The Folktale:To be or not to be
The aim of this study is not to compare the folktale to the short story or any other literary creative form; the repeated attempts to interpret a folktale and re-present it as a short story, novel or play are beyond this study’s scope. The aim of this study is instead to investigate the metamorphosis that a folktale undergoes each time it is narrated, because folktales often lose essential components and symbolic semantics.
Creative writers owe a debt to folk culture, particularly the folktale; folk culture has always served as a source of inspiration for thinkers, creative writers, the public and the media.
The tales of the Brothers Grimm and Alice in Wonderland appeal to the imaginations of adults and children around the world; these tales have also inspired creative writers. In Sudan, people hurry to listen to narrations of the stories Fatima Al Samha and Wid Al Numayr, and to watch new dramatic adaptations. There is a strong trend of adapting folktales’ structure and content to modern tastes.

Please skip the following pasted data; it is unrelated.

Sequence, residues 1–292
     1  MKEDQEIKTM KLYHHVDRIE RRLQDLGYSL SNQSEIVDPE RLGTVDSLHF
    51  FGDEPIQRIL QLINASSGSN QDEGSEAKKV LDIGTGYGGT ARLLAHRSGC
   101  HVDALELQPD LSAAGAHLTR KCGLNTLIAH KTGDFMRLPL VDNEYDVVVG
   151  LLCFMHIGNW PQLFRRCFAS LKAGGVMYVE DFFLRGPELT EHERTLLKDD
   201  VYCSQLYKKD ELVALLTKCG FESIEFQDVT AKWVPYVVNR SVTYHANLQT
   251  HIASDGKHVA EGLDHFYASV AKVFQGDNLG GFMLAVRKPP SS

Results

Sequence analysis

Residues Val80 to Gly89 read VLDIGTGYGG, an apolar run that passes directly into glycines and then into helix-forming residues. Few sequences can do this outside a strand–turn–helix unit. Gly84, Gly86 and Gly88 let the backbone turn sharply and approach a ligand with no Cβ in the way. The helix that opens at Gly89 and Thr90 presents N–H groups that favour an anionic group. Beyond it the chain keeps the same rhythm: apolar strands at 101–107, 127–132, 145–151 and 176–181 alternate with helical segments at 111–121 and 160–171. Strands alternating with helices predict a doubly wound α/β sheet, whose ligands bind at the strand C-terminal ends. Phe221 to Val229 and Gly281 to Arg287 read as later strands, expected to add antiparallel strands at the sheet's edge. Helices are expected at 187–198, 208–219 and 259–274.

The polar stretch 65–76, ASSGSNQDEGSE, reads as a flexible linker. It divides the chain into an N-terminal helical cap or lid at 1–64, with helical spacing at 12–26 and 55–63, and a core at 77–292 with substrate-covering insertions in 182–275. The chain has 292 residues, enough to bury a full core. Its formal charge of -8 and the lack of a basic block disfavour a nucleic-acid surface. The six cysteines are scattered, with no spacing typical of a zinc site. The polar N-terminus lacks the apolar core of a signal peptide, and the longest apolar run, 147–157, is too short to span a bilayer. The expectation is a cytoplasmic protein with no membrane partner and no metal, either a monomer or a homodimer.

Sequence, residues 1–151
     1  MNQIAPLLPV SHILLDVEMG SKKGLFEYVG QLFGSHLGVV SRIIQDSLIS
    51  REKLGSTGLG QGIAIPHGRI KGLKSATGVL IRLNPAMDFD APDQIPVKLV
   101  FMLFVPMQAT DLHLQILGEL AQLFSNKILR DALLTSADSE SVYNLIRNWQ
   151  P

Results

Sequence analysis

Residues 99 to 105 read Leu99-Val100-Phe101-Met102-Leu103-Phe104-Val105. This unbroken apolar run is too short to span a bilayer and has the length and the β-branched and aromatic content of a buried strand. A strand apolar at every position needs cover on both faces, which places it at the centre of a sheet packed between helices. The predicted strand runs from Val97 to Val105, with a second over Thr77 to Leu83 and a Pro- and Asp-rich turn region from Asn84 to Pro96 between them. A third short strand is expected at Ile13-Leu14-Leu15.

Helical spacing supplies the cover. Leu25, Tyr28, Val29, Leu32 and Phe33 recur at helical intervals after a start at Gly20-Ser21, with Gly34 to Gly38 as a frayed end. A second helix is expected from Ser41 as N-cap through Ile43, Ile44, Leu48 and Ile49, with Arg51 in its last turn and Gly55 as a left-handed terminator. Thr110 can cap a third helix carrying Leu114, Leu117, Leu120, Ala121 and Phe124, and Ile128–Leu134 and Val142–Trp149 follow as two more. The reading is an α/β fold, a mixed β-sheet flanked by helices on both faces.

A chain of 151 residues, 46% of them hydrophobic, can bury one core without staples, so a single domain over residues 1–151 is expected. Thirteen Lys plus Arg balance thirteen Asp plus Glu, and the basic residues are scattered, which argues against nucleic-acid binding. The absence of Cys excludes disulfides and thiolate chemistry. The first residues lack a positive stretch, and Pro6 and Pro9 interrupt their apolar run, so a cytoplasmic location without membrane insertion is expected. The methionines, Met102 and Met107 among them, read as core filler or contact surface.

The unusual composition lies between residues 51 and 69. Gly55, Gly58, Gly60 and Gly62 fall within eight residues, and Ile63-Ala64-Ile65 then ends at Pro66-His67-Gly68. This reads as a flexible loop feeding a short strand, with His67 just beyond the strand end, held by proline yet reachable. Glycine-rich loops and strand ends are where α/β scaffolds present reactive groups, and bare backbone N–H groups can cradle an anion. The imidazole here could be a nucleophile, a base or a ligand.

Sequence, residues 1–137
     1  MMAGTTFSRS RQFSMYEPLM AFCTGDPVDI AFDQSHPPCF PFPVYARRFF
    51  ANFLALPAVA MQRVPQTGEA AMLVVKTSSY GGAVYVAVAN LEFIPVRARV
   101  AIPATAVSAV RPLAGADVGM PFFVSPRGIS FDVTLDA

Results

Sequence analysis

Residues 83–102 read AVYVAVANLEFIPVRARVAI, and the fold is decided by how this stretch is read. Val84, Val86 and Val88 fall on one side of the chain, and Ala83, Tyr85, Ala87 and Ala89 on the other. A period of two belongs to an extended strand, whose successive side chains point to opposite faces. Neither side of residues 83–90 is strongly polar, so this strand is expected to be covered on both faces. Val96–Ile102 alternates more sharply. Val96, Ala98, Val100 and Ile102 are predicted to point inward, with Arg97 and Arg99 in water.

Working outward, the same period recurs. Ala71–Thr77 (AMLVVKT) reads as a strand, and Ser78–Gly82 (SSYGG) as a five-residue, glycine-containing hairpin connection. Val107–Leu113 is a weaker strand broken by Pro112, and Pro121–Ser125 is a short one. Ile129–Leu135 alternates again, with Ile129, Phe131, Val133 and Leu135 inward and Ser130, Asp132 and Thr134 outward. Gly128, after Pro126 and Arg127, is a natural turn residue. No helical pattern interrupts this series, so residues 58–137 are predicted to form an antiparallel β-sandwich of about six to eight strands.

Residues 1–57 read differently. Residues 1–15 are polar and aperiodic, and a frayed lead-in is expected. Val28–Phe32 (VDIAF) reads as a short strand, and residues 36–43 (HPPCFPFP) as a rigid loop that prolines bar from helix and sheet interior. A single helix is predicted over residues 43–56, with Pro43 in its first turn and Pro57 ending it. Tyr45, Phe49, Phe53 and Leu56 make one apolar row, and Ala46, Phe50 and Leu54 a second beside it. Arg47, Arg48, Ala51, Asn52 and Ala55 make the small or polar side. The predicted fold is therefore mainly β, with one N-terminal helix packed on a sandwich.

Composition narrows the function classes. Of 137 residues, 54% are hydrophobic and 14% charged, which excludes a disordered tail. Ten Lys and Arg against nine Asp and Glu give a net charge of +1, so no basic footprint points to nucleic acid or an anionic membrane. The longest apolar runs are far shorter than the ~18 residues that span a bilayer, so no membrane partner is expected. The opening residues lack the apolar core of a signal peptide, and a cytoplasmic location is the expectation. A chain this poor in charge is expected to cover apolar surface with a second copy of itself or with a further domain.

Since it opened as a subsidiary unit of the Sudanese Ministry of Education in 1956, the Publishing Office has played an important role in collecting folktales and drawing attention to Sudanese folk literature. Abdullah Al Tayeb collected and published some folktales, including the afore-mentioned story.
The efforts of the Publishing Office and of writers in the fields of heritage and folklore have inspired various initiatives to preserve folk literature, particularly folktales. Inspired by the folktales, Sudanese writers and artists created works with themes that differed from the political, ideological and commercial themes of Europe. Sudanese writers focused on the discourse of folktales based on the narrator, audience, content and context.
The study selected four tales for analysis, two by the renowned writers Abdullah Al Tayeb and Ibrahim Ishaq and two prepared by the students of Khartoum University’s Translation Department.
Mohammed Mahdi Buchra Sudan